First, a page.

Numerous medical and personal care services are offered by nursing homes, often called skilled nursing communities. These services can consist of three meals per day, round-the-clock supervision, nursing care, and support with daily living activities. Additionally offered are rehabilitation treatments like physical, occupational, and speech therapy. The hospital personnel can assist you in locating a nursing community that would offer the finest level of care for you if you need to go there following a hospital stay. Ask your doctor’s office for suggestions if you are looking for a skilled nursing community. Once you are aware of your options, it is wise to complete the following steps.
Consider Your Needs
What matters most to you: hospice care, specialized memory care, nursing care, food, physical therapy, a religious connection? Do you desire a location that is convenient for visiting family and friends?
Communicate with Loved Ones
Find out the locations that friends, family, social workers, and religious organizations recommend by speaking directly with them. Ask medical professionals which nursing communities they believe offer high-quality care through personal experiences with their own patients.
Reach Out to Skilled Nursing Communities
Contact each location on your list. Find out how much it costs and how many people reside there. Learn about the waiting lists and whether there will be a vacant spot available to you at the time when you need to move in.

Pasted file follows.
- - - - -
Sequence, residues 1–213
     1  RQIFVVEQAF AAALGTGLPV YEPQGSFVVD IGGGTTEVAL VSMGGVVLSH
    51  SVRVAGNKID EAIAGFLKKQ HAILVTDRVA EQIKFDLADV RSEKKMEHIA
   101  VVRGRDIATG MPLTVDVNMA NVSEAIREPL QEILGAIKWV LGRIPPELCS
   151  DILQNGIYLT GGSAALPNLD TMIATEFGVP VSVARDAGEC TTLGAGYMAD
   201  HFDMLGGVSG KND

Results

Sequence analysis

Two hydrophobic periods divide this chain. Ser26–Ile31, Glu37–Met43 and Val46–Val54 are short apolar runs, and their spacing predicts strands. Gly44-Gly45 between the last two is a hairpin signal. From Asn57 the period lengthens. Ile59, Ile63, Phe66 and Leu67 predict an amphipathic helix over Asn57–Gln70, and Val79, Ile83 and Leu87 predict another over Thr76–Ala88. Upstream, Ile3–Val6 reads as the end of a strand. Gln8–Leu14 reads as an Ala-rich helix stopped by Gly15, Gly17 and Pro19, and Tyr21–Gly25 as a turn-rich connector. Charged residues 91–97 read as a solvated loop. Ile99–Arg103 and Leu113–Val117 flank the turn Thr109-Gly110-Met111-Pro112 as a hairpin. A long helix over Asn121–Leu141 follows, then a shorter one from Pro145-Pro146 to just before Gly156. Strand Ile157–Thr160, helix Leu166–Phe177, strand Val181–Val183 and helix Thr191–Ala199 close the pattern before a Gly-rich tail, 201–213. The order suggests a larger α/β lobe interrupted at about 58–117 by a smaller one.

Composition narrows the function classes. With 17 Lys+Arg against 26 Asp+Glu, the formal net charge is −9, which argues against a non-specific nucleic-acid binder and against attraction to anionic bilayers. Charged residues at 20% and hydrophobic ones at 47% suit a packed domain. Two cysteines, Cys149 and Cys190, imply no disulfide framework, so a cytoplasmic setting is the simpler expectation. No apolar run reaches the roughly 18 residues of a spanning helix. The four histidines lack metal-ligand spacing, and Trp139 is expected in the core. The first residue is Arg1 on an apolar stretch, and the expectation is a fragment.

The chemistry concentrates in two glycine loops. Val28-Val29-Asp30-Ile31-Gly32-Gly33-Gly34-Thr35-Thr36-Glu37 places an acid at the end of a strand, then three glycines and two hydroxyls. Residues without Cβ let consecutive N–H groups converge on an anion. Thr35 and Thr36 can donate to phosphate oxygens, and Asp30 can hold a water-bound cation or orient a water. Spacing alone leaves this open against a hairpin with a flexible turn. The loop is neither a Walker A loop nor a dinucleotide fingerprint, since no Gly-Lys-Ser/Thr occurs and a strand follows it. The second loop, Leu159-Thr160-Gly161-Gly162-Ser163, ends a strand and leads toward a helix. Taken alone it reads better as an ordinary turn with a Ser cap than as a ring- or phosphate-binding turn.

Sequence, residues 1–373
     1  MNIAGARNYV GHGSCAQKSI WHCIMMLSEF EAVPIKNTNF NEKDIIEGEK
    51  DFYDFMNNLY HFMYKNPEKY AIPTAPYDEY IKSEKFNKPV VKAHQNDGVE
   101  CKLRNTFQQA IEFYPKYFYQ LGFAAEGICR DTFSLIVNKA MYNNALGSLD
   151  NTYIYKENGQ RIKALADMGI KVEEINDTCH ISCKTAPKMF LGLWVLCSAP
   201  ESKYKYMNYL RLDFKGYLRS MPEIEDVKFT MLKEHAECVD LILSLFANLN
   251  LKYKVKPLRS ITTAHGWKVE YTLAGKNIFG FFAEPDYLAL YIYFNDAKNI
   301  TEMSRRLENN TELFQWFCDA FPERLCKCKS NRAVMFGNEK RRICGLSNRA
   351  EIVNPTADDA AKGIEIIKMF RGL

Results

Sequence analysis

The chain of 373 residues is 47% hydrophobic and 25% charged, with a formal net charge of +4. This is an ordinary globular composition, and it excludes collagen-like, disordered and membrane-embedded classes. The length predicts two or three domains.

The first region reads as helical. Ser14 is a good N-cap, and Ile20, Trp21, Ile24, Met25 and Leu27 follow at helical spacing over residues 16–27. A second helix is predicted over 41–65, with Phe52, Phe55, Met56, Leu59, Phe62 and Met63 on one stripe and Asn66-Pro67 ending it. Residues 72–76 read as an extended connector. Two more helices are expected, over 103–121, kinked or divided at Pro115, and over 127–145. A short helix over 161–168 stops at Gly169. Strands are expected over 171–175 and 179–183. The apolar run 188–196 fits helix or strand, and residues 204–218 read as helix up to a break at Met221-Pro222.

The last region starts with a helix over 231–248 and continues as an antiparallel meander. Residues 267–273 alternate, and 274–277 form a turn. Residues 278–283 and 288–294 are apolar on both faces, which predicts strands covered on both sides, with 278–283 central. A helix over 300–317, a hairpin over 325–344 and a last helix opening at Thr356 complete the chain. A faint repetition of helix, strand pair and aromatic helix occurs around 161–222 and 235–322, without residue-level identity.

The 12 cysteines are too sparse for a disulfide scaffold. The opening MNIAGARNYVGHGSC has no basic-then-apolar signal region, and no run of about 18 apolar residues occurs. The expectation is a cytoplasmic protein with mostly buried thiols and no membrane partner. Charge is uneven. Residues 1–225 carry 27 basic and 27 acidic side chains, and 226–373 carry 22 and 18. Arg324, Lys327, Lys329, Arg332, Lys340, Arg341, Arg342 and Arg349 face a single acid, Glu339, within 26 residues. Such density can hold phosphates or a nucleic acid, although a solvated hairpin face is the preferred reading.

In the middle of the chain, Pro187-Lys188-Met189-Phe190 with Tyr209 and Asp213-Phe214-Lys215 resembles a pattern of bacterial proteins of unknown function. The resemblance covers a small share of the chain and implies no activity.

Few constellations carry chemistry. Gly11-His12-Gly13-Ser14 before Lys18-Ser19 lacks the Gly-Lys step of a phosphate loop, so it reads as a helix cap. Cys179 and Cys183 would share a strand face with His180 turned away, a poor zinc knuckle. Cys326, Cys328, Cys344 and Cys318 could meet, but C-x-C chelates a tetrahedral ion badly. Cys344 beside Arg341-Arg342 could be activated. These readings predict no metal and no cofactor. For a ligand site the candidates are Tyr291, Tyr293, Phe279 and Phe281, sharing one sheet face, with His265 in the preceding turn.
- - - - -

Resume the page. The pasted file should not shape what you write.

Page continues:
Tour the Community
Schedule meetings with the community director and the nursing director and look out for the factors below to consider:
- Handicap access
- Medicaid and Medicare certification
- Interaction between residents and workers
- Condition of residents and how well they look
Never hesitate to ask questions. For instance, ask the personnel to explain any strong smells that you can detect. A problem could be masked by those smells while it might actually be caused by a bad one. You may wish to learn how long the nursing community’s director and the heads of the nursing, food, and social services departments have been employed there. If important team members change frequently, there may be a problem with the management. Regular shuffling of the team also means that residents do not have consistent care.
Tour the Community Again
Pay a second visit without making an advance appointment. Try a different day of the week or hour of the day to get to know other team members and observe residents’ activities. Come by to sample their menu options. Is the dining area neat and appealing? Does the food appear appetizing?
Review Your Contract Carefully
After choosing a skilled nursing community, thoroughly review the agreement. If there is anything you do not understand, ask the director or the senior living professionals. Before you sign the contract, have a trusted friend or family member review it. You may overlook certain things that a second person will get to notice.
Any nursing community that receives funding from the government must be inspected, according to the Centers for Medicare and Medicaid Services. Inspection-rejected communities are not certified. Request to examine the care community’s most recent inspection report and certification.